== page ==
A friend approached me as I sat watching a soccer game and I immediately recognized her. It had been a long time since we had seen each other, so I raised my hand up to say ‘Hi’ and lightly waved, then spoke her name. She just kept walking. Hustling right on by, she didn’t budge or turn or flinch.
‘Welp,’ I thought. ‘That was weird. She totally ignored me.’ I wondered whether she had been offended by something I said or hurt that we hadn’t stayed in touch. I didn’t dwell on it, but it certainly struck me as weird.
Not long after, maybe 4 weeks or so, I happened to run into her again. This time her eyes met mine, and we carried on a conversation for a few minutes. At some point she pulled her right ear closer to my head and said, “I’m so sorry, I’m deaf in my right ear.”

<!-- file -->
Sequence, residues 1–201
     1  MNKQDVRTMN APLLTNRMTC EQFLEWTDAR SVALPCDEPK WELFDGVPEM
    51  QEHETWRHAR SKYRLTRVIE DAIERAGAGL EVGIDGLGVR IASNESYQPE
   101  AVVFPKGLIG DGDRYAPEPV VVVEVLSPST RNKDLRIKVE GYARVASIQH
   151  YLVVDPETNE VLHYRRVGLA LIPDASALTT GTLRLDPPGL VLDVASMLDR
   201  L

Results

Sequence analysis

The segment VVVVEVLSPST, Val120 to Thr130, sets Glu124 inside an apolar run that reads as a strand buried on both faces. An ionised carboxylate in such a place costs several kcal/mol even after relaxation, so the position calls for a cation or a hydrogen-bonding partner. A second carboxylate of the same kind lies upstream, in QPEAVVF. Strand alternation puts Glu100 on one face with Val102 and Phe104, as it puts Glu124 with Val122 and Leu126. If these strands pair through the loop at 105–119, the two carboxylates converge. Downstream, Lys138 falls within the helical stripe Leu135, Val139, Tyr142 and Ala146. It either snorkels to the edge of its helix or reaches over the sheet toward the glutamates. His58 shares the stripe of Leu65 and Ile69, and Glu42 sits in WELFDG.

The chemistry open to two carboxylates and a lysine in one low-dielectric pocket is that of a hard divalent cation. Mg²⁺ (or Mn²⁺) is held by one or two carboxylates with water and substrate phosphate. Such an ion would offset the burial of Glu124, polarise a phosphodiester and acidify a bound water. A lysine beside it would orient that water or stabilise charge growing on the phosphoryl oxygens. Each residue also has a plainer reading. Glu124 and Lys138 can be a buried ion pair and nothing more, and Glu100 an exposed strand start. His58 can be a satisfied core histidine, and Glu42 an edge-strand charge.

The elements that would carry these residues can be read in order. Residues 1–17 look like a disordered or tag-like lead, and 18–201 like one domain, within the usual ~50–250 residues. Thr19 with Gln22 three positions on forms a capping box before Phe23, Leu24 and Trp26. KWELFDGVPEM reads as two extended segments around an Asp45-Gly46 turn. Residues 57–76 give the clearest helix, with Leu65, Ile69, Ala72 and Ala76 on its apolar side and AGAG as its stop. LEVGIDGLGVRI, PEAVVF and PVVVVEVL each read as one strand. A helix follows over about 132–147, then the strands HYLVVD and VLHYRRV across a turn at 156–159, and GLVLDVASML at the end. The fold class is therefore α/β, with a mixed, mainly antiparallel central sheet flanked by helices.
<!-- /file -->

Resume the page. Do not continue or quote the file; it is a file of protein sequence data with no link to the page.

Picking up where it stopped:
Then the dots seemed to land over the Is and the crosses went across the Ts. It made sense now. Earlier she hadn’t even heard me; she didn’t ignore me!
This, as well as many other instances, have reinforced my belief that we’re ALL deaf. In our effort to hear, when we really can’t hear, we reach to fill in the story. We fill in other people’s stories with our suppositions. Those suppositions separate us and stunt our ability to cultivate connections.
Be comfortable not hearing, and don’t rush to suppose.
We’re all deaf, and that’s okay.